New Program Allows Medical Students to Learn on the Job
Posted February 18, 1998 6:00 a.m. EST
ROCKY MOUNT — Doctors traditionally go through years of training to get their medical degrees, but a new program for doctors-in-training allows North Carolina medical students to go beyond textbooks.
Grant Warren is doing something many of his predecessors couldn't do. The second-year medical student is combining classroom training with real time in a doctor's office. Without the new preceptors program, he'd have to wait until next year to see real patients.
The preceptor program puts second-year students from East Carolina, Duke and UNC into rural medical offices across the state. Normally, most students would not get this type of observation until their third year in medical school. Doctor Wayne Ghans of Rocky Mount says both students and patients benefit.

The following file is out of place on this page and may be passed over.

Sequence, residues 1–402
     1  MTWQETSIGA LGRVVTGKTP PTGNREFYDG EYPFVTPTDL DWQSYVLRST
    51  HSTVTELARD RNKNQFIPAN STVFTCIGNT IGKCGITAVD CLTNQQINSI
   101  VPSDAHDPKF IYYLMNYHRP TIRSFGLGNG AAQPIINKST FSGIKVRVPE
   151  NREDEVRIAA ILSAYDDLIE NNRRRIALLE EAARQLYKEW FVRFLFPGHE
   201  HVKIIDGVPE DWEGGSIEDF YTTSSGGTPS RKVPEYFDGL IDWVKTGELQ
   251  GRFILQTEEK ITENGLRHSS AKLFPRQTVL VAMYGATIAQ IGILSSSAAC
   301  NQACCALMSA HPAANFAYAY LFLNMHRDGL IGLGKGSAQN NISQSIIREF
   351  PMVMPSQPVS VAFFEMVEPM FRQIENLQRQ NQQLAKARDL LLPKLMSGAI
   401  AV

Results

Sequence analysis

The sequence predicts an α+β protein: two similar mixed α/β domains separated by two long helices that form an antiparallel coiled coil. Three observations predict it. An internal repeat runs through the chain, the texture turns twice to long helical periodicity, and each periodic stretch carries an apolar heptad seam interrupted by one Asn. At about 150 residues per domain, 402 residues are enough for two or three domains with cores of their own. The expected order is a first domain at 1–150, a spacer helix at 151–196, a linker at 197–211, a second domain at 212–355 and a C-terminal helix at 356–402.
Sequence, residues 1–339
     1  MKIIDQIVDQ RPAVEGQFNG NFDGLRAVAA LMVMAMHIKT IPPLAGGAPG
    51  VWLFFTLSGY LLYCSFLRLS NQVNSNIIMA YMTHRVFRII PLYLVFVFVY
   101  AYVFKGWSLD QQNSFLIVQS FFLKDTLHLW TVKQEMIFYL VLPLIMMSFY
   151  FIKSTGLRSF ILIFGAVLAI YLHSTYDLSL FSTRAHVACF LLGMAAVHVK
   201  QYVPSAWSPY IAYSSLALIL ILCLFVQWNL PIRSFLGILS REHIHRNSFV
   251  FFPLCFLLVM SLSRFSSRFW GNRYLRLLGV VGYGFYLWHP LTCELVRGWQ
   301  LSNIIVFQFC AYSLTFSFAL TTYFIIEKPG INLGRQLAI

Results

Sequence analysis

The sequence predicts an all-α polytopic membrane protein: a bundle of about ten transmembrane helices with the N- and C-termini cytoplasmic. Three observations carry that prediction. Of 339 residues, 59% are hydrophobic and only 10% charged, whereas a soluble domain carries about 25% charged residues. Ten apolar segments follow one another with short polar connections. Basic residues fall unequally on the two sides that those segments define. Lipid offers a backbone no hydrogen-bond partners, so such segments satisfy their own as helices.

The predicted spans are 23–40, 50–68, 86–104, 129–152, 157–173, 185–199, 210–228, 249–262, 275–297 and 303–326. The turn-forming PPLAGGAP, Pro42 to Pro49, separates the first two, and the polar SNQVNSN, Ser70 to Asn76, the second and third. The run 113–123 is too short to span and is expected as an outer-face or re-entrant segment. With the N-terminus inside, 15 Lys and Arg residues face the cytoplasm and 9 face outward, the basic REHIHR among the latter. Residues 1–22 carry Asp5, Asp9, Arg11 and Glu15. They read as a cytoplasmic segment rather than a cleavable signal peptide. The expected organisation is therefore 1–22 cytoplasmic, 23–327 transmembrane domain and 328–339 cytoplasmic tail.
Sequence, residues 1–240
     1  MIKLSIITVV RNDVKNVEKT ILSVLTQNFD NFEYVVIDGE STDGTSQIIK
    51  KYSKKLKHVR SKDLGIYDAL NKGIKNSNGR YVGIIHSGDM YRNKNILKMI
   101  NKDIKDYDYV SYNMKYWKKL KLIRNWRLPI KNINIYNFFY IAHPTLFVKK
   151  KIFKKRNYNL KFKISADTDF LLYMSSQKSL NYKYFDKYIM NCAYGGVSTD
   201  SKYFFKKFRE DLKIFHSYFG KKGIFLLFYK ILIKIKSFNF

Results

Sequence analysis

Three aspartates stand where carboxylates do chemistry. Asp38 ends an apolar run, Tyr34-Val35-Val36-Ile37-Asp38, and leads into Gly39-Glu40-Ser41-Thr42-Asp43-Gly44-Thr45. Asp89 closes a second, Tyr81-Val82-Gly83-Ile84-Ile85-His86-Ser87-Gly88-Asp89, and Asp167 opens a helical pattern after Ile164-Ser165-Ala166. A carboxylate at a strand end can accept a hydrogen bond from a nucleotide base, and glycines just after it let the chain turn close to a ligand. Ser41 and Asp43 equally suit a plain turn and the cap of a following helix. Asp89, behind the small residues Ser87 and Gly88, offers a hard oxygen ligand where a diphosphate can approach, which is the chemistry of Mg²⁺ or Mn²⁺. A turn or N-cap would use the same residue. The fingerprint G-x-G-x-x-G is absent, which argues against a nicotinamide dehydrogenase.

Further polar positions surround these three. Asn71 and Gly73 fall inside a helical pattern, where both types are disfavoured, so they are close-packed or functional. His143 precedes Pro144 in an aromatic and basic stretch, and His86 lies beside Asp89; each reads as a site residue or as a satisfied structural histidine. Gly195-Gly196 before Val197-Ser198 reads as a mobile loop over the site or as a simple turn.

For Warren, it's the perfect introduction to local family medicine. Something the Newton Grove native is considering as a career.
The program is only a small part of medical training, but one students and professionals believe is graduating better doctors.
Organizers of the program say that, while the participants lean toward family practice, they are not excluded from other specialties when they graduate. Editor's Note:
Anyone with questions for a family physician or specialist can call WRAL-TV5's 10th AnnualDoctors on Call, with WRAL-TV5'sYvonne Simons, WRAL-TV5'sHealth Team Dr. Allen Mask, and nutritionist WRAL-TV5'sLynn Hoggardthis Monday morning at 10.
Free, confidential medical advice will be available to callers until 7 that evening. Participants may also submit questions via email through theDoctors on Callicon on the WRAL OnLine Home Page.